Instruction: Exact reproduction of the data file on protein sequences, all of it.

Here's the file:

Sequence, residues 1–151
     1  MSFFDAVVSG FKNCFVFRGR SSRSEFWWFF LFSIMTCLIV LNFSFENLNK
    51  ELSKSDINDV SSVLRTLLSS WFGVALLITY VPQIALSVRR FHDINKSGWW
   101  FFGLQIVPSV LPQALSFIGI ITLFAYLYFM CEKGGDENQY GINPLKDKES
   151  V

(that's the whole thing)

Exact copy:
Sequence, residues 1–151
     1  MSFFDAVVSG FKNCFVFRGR SSRSEFWWFF LFSIMTCLIV LNFSFENLNK
    51  ELSKSDINDV SSVLRTLLSS WFGVALLITY VPQIALSVRR FHDINKSGWW
   101  FFGLQIVPSV LPQALSFIGI ITLFAYLYFM CEKGGDENQY GINPLKDKES
   151  V